Magnetic resonance imaging has, over the years, become invaluable for the management of glioma patients. It is commonly used to establish initial diagnostic, target sites for biopsies, plan neuro-surgical resection and to follow-up treatment efficacy. Anatomical protocols such as T1-weighted scans after injection of contrast agents are used to locate areas of leaky blood vessels, which are common in brain tumours. Perfusion, water molecule diffusion and spectroscopy protocols provide additional insight into tumour biology and physiology. Other imaging modalities such as Positron Emission Tomography and Optical Imaging enable the imaging of key molecular processes associated with glioma development, such as proliferation, hypoxia and metabolic activity.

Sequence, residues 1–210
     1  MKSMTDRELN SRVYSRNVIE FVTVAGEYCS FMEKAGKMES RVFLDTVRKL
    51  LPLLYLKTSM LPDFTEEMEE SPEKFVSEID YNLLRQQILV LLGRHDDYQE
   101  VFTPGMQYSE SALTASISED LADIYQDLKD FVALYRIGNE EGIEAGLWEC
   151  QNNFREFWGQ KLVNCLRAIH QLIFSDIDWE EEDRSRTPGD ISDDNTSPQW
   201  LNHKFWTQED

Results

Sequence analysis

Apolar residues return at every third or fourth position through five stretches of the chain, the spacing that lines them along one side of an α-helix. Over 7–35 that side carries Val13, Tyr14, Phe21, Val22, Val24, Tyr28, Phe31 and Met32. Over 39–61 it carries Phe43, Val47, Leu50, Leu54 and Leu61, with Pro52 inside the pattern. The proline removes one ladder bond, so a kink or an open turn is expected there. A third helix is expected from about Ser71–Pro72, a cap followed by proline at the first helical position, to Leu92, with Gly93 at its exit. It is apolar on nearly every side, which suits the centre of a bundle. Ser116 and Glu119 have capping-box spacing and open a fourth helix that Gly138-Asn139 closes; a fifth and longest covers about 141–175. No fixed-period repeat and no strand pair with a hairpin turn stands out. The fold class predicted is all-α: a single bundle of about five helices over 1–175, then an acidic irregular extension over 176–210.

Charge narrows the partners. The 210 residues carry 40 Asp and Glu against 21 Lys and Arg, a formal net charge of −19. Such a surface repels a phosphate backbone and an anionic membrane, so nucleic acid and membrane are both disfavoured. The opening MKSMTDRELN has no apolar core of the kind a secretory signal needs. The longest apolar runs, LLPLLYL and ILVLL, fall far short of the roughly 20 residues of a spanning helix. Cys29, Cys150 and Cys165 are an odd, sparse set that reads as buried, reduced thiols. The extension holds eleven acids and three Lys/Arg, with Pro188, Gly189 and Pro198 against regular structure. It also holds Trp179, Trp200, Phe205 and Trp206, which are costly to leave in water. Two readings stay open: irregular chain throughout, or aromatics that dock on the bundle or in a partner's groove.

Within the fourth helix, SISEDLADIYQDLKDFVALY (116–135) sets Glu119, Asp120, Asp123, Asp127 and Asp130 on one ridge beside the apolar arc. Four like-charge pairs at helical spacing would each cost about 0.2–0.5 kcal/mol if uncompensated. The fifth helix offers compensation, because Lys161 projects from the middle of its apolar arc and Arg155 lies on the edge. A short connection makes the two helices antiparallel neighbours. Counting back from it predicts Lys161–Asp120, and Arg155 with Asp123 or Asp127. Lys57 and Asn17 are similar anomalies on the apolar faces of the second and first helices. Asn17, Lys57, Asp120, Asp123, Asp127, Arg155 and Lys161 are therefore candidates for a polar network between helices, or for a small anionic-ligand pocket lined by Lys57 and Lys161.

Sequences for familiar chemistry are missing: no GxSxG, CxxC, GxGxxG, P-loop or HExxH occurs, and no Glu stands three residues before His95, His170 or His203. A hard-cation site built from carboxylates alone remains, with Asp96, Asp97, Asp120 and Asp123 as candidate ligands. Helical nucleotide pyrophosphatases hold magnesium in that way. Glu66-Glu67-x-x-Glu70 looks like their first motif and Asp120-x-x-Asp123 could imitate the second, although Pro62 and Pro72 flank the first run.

Based on our pre-clinical models of gliomas, we use these imaging modalities to assess the morphological, physiological and metabolic changes that are induced by new treatment modalities, such as anti-angiogenic therapies. Furthermore, we correlate these features with extensive molecular and histological analysis that are relevant in the clinical setting.

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